• In a randomized trial (BELLINI; NCT02755597) in patients with relapsed or refractory multiple myeloma, the addition of VENCLEXTA to bortezomib plus dexamethasone, a use for which VENCLEXTA is not indicated, resulted in increased mortality. Treatment of patients with multiple myeloma with VENCLEXTA in combination with bortezomib plus dexamethasone is not recommended outside of controlled clinical trials.

Adverse Reactions

  • In patients with CLL receiving combination therapy with obinutuzumab, serious adverse reactions were most often due to febrile neutropenia and pneumonia (5% each). The most common adverse reactions (≥20%) of any grade were neutropenia (60%), diarrhea (28%), and fatigue (21%).

  • In patients with CLL receiving combination therapy with rituximab, the most frequent serious adverse reaction (≥5%) was pneumonia (9%). The most common adverse reactions (≥20%) of any grade were neutropenia (65%), diarrhea (40%), upper respiratory tract infection (39%), fatigue (22%), cough (22%), and nausea (21%).
  • In patients with CLL/SLL receiving monotherapy, the most frequent serious adverse reactions (≥5%) were pneumonia (9%), febrile neutropenia (5%), and sepsis (5%). The most common adverse reactions (≥20%) of any grade were neutropenia (50%), diarrhea (43%), nausea (42%), upper respiratory tract infection (36%), anemia (33%), fatigue (32%), thrombocytopenia (29%), musculoskeletal pain (29%), edema (22%), and cough (22%).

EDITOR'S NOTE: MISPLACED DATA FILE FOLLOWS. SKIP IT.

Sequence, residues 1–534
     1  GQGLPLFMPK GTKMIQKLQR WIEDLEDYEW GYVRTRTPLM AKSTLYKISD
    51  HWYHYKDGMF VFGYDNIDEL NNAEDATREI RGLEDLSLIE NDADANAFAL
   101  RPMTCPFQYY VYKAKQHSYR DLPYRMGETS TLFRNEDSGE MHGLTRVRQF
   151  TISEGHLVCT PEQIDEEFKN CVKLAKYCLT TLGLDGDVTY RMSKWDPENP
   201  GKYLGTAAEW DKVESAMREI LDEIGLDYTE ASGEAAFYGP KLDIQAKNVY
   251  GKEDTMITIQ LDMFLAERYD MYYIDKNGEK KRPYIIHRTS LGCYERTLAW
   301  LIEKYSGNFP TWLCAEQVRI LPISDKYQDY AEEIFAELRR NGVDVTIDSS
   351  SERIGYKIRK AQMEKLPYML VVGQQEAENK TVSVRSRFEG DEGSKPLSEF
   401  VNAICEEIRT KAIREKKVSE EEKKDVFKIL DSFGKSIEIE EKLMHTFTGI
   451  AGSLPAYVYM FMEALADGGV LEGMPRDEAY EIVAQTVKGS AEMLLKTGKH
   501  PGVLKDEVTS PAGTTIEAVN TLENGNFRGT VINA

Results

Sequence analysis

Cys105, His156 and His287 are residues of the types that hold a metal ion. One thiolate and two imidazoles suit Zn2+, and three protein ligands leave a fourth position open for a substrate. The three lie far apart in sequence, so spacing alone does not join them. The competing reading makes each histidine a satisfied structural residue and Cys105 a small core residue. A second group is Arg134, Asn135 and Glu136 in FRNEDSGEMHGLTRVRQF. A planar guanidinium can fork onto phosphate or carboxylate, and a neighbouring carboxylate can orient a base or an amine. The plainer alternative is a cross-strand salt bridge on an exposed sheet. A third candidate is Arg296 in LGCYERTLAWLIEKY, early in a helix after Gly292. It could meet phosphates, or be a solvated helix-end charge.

Drug Interactions

  • Concomitant use with a strong or moderate CYP3A inhibitor or a P-gp inhibitor increases VENCLEXTA exposure, which may increase VENCLEXTA toxicities, including the risk of TLS. Adjust VENCLEXTA dosage and closely monitor patients for signs of VENCLEXTA toxicities. Resume the VENCLEXTA dosage that was used prior to concomitant use of a strong or moderate CYP3A inhibitor or a P-gp inhibitor 2 to 3 days after discontinuation of the inhibitor.
  • Patients should avoid grapefruit products, Seville oranges, and starfruit during treatment as they contain inhibitors of CYP3A.
  • Avoid concomitant use of strong or moderate CYP3A inducers.
  • Avoid concomitant use of VENCLEXTA with a P-gp substrate. If concomitant use is unavoidable, separate dosing of the P-gp substrate at least 6 hours before VENCLEXTA.
  • Monitor international normalized ratio (INR) closely in patients receiving warfarin.


  • Advise nursing women to discontinue breastfeeding during treatment with VENCLEXTA.

Females and Males of Reproductive Potential

  • Advise females of reproductive potential to use effective contraception during treatment with VENCLEXTA and for at least 30 days after the last dose.
  • Based on findings in animals, male fertility may be compromised by treatment with VENCLEXTA.

Hepatic Impairment

  • Reduce the dose of VENCLEXTA for patients with severe hepatic impairment (Child-Pugh C); monitor these patients more closely for signs of toxicity. No dose adjustment is recommended for patients with mild (Child-Pugh A) or moderate (Child-Pugh B) hepatic impairment.

Please see full Prescribing Information.


VENCLEXTA is indicated:

  • For the treatment of adult patients with chronic lymphocytic leukemia (CLL) or small lymphocytic lymphoma (SLL).